I have noticed just how many nonprofit executives, fundraisers and volunteers are overwhelmed by all of the possible marketing channels they could be using to reach their constituents and donors. These brave leaders are trying to keep up with all of the various marketing channels, but their valiant efforts may be taking away from their progress on an even more effective fundraising strategy: the personal ask. In an era where there is a lot of buzz about mobile platforms and crowdfunding, it helps to understand how real nonprofits are navigating the complexity.
I recently came across a report published by The Chronicle of Philanthropy earlier this year called “Fundraising in a Multichannel World: How the Explosion in Technology is Transforming the Science of the Ask.” The report is based on a survey of 500 nonprofit development professionals and executive directors conducted by Campbell Rinker and written by Peter Panepento. In a nutshell, even with all of the current tools to reach donors, the study finds that the personal ask is still the most effective even in a multichannel fundraising world. This blog post highlights some of the findings of the study that I found most relevant for my clients. Many clients are not sure how to navigate in a multichannel fundraising world with limited resources, but here are some things that may be of interest in your organization.
- Personal Appeals Still Perform Best
Guess what? The personal ask may be even MORE effective in an era where it costs nothing to send an email and where donors feel like they are just another record in your database.
The study finds that while “donors are more connected to technology, the most effective fundraising approaches are still decidedly old school. Nearly seven in 10 survey respondents report that personal solicitations are more effective than they’ve been in the past, and 50 percent say peer-to-peer campaigns have grown more effective.”
Peer-to-peer campaigns have long been the preferred method of fundraising in higher education due to their alumni networks, but it’s interesting to note that other fundraisers are seeing the effectiveness of personalized, peer-to-peer campaigns, especially with some of the sharing and network activation features that are inherent in social media. It’s still those long-time personal relationships that make make peer-to-peer campaigns work though.
So why don’t more nonprofit staff members and volunteers make the personal ask? I would say that making a personal ask takes strategy, preparation, support, and bravery to name a few key elements. Technology certainly has a role to play in developing personalized strategies for each donor and preparing for the ask. The savvy nonprofits (large and small) embrace these new tools in support of the gold standard of the personal ask.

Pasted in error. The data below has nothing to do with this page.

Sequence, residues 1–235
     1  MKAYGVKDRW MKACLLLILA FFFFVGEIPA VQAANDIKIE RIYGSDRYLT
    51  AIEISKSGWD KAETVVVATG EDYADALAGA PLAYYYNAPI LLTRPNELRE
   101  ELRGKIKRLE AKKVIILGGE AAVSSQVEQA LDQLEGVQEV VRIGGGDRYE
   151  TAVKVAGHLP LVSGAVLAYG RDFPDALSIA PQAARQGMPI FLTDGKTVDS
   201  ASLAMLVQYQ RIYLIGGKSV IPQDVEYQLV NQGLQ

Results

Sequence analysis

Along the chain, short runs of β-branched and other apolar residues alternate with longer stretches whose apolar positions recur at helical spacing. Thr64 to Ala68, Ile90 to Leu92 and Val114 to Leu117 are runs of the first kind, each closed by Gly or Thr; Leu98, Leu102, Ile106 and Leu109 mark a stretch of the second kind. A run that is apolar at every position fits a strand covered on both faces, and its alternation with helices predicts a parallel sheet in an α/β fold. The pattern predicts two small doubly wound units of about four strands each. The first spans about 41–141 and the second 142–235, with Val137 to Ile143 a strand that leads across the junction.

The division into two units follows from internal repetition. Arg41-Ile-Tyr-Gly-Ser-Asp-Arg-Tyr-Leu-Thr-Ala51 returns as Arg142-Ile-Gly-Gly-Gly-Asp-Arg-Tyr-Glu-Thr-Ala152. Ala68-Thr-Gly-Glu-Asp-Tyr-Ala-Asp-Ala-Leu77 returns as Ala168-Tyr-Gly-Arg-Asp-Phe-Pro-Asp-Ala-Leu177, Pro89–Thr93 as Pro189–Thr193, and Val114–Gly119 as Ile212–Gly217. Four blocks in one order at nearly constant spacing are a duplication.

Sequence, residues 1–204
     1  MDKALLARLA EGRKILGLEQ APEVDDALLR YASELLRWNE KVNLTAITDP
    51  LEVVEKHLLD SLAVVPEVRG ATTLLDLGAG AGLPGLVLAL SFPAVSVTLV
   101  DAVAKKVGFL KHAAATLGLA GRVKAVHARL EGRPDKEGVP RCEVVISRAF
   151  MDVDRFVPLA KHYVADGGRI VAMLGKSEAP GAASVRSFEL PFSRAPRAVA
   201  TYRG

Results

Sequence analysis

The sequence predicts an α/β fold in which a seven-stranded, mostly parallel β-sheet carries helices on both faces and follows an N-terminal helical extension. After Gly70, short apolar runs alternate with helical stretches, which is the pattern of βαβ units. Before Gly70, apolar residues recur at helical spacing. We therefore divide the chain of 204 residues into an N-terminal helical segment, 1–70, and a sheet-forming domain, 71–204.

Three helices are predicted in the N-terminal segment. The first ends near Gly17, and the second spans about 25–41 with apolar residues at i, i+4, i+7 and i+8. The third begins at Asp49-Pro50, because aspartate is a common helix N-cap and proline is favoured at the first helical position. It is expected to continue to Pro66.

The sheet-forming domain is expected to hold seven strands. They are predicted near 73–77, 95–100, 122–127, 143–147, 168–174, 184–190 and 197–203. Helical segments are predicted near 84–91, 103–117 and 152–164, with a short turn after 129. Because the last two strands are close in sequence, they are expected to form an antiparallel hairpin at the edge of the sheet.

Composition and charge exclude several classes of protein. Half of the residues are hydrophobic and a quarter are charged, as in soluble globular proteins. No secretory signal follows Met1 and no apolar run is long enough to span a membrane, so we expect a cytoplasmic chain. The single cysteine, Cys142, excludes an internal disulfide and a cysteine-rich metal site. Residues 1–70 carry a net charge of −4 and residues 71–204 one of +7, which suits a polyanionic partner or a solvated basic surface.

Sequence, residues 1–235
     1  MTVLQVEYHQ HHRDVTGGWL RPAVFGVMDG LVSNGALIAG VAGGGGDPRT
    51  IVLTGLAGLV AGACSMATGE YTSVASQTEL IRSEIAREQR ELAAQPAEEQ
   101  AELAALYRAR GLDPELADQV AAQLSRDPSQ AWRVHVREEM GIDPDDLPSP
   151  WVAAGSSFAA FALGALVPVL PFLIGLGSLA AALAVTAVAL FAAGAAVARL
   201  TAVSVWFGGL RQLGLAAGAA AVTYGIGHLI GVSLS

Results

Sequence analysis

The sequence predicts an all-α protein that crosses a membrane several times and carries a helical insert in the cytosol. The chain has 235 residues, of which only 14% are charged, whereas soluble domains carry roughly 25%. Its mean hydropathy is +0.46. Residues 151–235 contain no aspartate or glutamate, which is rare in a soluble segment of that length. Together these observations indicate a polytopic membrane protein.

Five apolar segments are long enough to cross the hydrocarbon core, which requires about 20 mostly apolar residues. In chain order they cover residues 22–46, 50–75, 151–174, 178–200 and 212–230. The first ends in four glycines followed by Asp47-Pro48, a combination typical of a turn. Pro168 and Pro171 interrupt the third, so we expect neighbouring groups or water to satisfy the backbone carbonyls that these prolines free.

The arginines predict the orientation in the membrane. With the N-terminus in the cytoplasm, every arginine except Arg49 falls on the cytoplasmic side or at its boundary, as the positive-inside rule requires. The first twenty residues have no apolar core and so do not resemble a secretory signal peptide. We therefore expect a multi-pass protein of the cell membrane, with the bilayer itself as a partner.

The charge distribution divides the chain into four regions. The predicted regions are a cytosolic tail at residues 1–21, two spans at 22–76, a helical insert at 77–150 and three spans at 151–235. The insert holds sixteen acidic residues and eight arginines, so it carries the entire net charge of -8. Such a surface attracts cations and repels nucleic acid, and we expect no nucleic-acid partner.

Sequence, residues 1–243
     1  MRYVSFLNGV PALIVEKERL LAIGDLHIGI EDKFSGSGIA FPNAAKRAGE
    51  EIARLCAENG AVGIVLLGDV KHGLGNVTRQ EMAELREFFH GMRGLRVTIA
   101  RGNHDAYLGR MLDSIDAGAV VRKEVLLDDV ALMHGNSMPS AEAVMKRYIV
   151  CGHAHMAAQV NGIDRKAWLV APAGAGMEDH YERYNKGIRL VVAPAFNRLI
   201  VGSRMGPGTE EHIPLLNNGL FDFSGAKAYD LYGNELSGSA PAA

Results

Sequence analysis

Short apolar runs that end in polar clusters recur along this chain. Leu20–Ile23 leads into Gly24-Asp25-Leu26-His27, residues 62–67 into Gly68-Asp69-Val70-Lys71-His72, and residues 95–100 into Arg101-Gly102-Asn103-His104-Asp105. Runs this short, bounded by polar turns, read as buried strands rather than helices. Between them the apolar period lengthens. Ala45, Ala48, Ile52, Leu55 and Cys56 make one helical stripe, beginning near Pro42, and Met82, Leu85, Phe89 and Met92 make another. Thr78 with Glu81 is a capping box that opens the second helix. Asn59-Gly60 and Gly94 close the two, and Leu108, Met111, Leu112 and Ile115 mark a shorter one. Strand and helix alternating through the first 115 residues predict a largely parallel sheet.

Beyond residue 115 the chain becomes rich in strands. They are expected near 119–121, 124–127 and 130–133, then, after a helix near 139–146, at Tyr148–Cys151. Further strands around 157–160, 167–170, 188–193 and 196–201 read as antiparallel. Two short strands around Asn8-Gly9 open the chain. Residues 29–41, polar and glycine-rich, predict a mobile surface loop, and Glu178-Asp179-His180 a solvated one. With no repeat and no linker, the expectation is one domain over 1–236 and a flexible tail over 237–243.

The study also finds, “But while these evolving channels give fundraisers more opportunities to earn the attention and trust of donors, they also create unprecedented challenges for even the most well-organized and well-funded development offices. Investing in one channel often means less time and money can be directed toward another. And as donor preferences change, it’s often difficult for fundraisers to place their bets on the most effective channels.”
If your organization has the experience and resources to take on many marketing channels at once, then by all means use those tools. But, please evaluate whether you are also taking away your focus on the personal ask. It may be wise to scale back your multichannel approach if it’s detracting from the personal ask that your donors would appreciate.
2. The Future is Digital
Another conclusion of the study is that the future is digital.
In fact, “Nonprofits are investing much more in digital fundraising channels — often at the expense of more traditional approaches. Nearly three in five organizations reported investing more in social media during the past year, and more than half expect to step up their investments in this area during the next year. While a much smaller number of organizations are still investing in radio, public service announcements, and print advertising, nearly nine out of 10 respondents say they will either invest less or the same amount in those channels during the next year.”